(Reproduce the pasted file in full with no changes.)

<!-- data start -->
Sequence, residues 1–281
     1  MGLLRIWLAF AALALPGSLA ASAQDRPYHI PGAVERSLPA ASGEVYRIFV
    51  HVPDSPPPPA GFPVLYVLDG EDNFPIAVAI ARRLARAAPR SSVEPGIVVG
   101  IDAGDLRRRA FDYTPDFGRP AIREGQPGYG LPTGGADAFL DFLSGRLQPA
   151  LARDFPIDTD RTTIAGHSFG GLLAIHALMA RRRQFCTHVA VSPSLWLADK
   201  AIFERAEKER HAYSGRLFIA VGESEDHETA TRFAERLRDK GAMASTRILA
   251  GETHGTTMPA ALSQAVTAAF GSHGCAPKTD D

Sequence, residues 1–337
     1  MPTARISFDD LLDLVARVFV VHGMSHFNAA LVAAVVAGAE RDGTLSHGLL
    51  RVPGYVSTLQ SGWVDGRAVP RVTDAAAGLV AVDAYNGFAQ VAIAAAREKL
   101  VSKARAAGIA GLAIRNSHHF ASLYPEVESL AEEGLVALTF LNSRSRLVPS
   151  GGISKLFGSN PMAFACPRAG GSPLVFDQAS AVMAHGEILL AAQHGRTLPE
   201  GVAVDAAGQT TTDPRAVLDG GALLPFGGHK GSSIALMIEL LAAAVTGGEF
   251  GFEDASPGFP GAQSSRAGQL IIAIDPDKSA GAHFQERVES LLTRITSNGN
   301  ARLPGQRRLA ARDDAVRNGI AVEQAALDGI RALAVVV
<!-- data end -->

Sequence, residues 1–281
     1  MGLLRIWLAF AALALPGSLA ASAQDRPYHI PGAVERSLPA ASGEVYRIFV
    51  HVPDSPPPPA GFPVLYVLDG EDNFPIAVAI ARRLARAAPR SSVEPGIVVG
   101  IDAGDLRRRA FDYTPDFGRP AIREGQPGYG LPTGGADAFL DFLSGRLQPA
   151  LARDFPIDTD RTTIAGHSFG GLLAIHALMA RRRQFCTHVA VSPSLWLADK
   201  AIFERAEKER HAYSGRLFIA VGESEDHETA TRFAERLRDK GAMASTRILA
   251  GETHGTTMPA ALSQAVTAAF GSHGCAPKTD D

Sequence, residues 1–337
     1  MPTARISFDD LLDLVARVFV VHGMSHFNAA LVAAVVAGAE RDGTLSHGLL
    51  RVPGYVSTLQ SGWVDGRAVP RVTDAAAGLV AVDAYNGFAQ VAIAAAREKL
   101  VSKARAAGIA GLAIRNSHHF ASLYPEVESL AEEGLVALTF LNSRSRLVPS
   151  GGISKLFGSN PMAFACPRAG GSPLVFDQAS AVMAHGEILL AAQHGRTLPE
   201  GVAVDAAGQT TTDPRAVLDG GALLPFGGHK GSSIALMIEL LAAAVTGGEF
   251  GFEDASPGFP GAQSSRAGQL IIAIDPDKSA GAHFQERVES LLTRITSNGN
   301  ARLPGQRRLA ARDDAVRNGI AVEQAALDGI RALAVVV